The challenge of traditional neuropharmacology
Today’s neuroactive medicines often lack precision, as they primarily target receptors distributed ubiquitously throughout the nervous system. By contrast, the diseases these drugs treat typically originate in specific cell types or restricted brain regions. The broad activity of existing medicines leads to reduced efficacy, harmful side effects, suboptimal dosing, medication noncompliance, and drug discontinuation.
By leveraging a unique class of proteins, we can precisely target cell types and neurocircuits where our medicines are needed: on the source of the neurophysiological abnormality. With this approach, we substantially enhance efficacy and limit side effects.
- Broad activity
- Suboptimal efficacy
- Life-limiting side effects
Our solution: Precision through receptor-associated proteins
Receptors don’t act alone. Instead, communities of associated proteins modulate receptor expression and function. These receptor-associated proteins, (RAPs), can be harnessed to precisely steer neuromedicines to disease-driving neuronal tissues.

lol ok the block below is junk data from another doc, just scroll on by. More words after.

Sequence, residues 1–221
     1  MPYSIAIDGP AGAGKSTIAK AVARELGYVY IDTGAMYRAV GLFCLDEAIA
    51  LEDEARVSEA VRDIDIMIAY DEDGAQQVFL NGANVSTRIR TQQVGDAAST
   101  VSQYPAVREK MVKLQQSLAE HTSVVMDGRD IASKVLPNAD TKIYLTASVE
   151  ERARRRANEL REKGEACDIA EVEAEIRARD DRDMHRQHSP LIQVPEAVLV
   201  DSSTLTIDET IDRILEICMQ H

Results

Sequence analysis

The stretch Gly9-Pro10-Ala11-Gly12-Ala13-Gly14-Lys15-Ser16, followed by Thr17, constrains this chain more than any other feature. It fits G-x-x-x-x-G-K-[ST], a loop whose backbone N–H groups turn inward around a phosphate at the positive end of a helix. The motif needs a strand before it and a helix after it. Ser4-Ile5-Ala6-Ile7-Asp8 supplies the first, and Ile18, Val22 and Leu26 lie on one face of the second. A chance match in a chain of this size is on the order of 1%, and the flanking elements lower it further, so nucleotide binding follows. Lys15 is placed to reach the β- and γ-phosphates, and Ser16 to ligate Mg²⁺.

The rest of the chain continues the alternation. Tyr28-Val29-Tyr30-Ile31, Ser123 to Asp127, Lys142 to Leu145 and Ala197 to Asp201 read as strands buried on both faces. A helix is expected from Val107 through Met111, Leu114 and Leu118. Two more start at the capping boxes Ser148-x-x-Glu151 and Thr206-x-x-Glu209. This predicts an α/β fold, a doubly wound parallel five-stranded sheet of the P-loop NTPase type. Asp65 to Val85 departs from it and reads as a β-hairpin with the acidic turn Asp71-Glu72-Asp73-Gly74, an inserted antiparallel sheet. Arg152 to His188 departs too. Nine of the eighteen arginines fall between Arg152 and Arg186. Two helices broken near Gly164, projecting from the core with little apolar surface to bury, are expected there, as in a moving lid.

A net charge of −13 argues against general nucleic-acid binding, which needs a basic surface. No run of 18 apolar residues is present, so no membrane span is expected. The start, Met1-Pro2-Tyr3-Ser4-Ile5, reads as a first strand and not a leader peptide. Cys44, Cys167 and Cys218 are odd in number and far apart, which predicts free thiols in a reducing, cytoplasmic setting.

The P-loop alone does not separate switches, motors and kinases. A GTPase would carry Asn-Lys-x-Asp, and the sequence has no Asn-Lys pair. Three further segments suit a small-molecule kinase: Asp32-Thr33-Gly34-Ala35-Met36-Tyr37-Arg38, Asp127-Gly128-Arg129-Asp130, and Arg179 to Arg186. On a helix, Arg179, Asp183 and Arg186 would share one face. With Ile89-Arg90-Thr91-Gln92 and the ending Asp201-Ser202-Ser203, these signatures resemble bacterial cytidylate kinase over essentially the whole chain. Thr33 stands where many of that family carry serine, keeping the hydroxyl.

Whereas the neurotransmitter receptors themselves are widespead, RAPs often function in discrete and specific cell types or brain regions. By embedding region-specific RAPs into our drug discovery and development processes, we create novel drugs that act only on disease-relevant areas where those RAPs are present, freeing patients of their symptoms and the side effects of their treatment regimen.
- Region-selective activity
- Optimal efficacy
- Opportunity for fuller life
Enabling drug discovery and development
Over the past decade, our discovery platform has been built, refined, and tested to identify drugs with remarkable selectivity that enhance patient benefit. Our first program, designed to treat drug-resistant seizure disorders, is in clinical development.
Rapport’s platform integrates cutting-edge genetics with functional proteomics to discover RAPs that are regionally localized and involved in disease-related signaling. We then leverage these RAPs to develop precision medicines that modulate neurotransmitter receptors with greater efficacy and reduced side effects.